Making Math Fun: The Power of Mathematical Visualization—The Torch Podcast

An Interview with Professor James Tanton, Ph.D.

Making math fun? Is it possible? On this Episode of the Torch we examine how seeing math problems in a new way—by constructing pictures in your mind—will make finding the answers more obvious than by conventional means you learned in school.

Here to discuss the tools for making math fun is James Tanton Ph.D., Mathematician at Large at The Mathematical Association of America.

The following transcript has been edited slightly for readability.

The Great Courses: A lot of people think that they’re just bad at math, right? It’s a common perception.

James Tanton: Indeed.

The Great Courses: Indeed, I know I feel it, but what if you could learn to see the problems in mathematics in a new helpful way? Mathematicians have worked out some special ways to construct pictures in your mind so that the answers to many mathematical ideas become a little bit more obvious than if you try to do it otherwise. Here to explain, James Tanton, professor of our geometry course, and now you have another one.

James Tanton: Indeed, exactly.

The Great Courses: Good to see you again. The new course is called The Power of Mathematical Visualization.

James Tanton: Indeed it is.

The Great Courses: We’re going to talk about that in a second, but first of all, I want to say that I’ve always loved your title. You are Mathematician in Residence at the Mathematical Association of America.

James Tanton: Actually, I’ve moved.

The Great Courses: Have you moved?

James Tanton: I’m now the Mathematician At Large.

The Great Courses: At Large?

James Tanton: Talk about a better title than that. I get to be the Mathematician At Large.

The Great Courses: In residence, I always perceive that you’d be strolling along the walkways.

James Tanton: I know. I’m now roaming free, wreaking havoc wherever I go, mathematical, all places.

The Great Courses: At large, you’re everywhere. You’ve blown up. We’re going to talk about the new course, but I want to start with a quote that we have on, your professor bio page. I just love this quote, and I think it says so much about you and how you do your work.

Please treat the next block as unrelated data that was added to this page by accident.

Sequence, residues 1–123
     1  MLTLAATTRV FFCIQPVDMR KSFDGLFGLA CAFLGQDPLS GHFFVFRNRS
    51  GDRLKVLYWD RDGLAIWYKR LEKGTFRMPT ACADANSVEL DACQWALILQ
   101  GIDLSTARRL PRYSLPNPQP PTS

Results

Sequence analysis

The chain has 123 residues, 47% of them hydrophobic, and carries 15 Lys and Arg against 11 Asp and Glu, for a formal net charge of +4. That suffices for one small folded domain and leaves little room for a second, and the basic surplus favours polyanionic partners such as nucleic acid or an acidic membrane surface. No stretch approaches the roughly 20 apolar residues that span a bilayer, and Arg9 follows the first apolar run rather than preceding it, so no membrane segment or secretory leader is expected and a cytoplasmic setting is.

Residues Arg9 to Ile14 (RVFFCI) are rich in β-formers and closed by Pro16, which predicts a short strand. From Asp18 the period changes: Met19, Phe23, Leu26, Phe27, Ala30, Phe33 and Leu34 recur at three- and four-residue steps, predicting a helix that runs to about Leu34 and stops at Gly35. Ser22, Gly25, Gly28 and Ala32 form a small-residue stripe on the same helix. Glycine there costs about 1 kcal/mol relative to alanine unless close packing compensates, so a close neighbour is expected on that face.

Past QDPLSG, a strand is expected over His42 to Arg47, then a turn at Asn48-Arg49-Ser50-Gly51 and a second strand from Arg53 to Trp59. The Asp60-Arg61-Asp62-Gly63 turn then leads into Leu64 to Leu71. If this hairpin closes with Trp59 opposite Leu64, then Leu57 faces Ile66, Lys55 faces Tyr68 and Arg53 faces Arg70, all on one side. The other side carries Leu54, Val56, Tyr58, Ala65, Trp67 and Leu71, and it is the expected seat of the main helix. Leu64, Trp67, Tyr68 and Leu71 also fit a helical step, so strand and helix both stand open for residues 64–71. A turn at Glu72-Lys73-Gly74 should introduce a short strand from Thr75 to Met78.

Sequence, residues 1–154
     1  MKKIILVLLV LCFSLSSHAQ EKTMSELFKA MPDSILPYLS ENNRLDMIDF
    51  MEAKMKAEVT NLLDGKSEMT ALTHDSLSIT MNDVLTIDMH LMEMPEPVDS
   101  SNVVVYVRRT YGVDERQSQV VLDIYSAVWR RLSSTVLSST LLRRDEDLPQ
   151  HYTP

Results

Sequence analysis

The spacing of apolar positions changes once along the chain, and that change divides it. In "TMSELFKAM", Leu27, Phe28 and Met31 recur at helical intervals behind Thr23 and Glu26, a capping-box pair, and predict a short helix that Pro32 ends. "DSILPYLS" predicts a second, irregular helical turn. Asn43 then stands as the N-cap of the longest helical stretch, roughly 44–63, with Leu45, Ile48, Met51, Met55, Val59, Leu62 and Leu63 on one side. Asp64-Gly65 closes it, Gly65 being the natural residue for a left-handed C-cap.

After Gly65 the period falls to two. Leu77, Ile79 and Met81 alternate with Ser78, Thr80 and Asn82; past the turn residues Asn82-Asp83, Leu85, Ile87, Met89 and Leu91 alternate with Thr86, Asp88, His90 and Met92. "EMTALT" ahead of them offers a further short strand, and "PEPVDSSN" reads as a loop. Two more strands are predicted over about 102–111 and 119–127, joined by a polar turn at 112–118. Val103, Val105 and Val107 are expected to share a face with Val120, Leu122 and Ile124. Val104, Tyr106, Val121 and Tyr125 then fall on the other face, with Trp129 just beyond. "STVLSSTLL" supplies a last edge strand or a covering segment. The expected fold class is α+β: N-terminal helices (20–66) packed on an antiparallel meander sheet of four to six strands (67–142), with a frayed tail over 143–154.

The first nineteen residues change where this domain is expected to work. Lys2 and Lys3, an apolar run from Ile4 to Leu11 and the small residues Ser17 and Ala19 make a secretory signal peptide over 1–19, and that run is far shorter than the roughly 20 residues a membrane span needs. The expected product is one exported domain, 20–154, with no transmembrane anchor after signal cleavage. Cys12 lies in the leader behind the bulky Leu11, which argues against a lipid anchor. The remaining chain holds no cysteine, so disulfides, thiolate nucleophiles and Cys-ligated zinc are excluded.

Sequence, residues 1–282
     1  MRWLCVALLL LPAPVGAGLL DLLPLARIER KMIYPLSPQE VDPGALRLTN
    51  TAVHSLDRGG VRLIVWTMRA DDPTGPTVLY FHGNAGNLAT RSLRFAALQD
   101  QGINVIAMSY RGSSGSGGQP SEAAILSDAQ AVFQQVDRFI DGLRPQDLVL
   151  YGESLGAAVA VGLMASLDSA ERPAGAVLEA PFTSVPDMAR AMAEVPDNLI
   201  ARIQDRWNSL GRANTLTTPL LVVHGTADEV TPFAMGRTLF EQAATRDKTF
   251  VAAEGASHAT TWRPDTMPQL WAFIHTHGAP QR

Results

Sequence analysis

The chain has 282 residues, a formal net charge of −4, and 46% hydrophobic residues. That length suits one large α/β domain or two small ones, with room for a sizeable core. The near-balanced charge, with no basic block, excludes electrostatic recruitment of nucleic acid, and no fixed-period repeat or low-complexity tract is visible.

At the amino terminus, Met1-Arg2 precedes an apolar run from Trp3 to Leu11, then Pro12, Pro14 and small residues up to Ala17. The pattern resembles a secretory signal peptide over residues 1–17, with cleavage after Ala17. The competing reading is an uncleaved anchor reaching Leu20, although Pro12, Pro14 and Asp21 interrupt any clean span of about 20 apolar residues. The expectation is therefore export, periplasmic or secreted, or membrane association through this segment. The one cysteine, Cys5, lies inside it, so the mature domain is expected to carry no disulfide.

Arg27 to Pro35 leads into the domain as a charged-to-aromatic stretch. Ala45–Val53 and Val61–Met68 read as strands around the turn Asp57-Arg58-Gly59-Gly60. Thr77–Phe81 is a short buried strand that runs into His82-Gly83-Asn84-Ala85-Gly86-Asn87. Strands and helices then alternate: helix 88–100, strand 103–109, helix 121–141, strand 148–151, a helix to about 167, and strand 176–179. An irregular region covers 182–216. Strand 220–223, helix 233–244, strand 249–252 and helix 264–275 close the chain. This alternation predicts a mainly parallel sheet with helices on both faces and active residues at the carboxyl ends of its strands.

James Tanton: I wonder what it is…

The Great Courses: “Our complex society demands not only mastery of quantitative skills, the math, but also the confidence to ask new questions to explore, wonder, flail, to rely on one’s wits, and to innovate,” and then you say, “Let’s teach joyous and successful thinking.” I love that!

Let's teach joyous and successful thinking. Click To Tweet

James Tanton: I’m all for that absolutely, and here we are with the The Power of Visualization in Mathematics.

Learn More: The Power of a Mathematical Picture

The Great Courses: Right, so let’s talk about some joyous and successful thinking in mathematical visualization. What are we talking about when we say that, use that term?

Moving Past Memorization

James Tanton: Let’s think about a typical experience. Most of us have gone through schooling in mathematics, and many people, from decades past in particular, say that it might not have been the most enlightened experience of math education, in their day.

A lot of rote memorization, drill, skill, practice, do it under speed. All about “what” questions, what’s 17 times 18, what’s 34 times 92, over and over again. No “why” questions, no “what else” questions.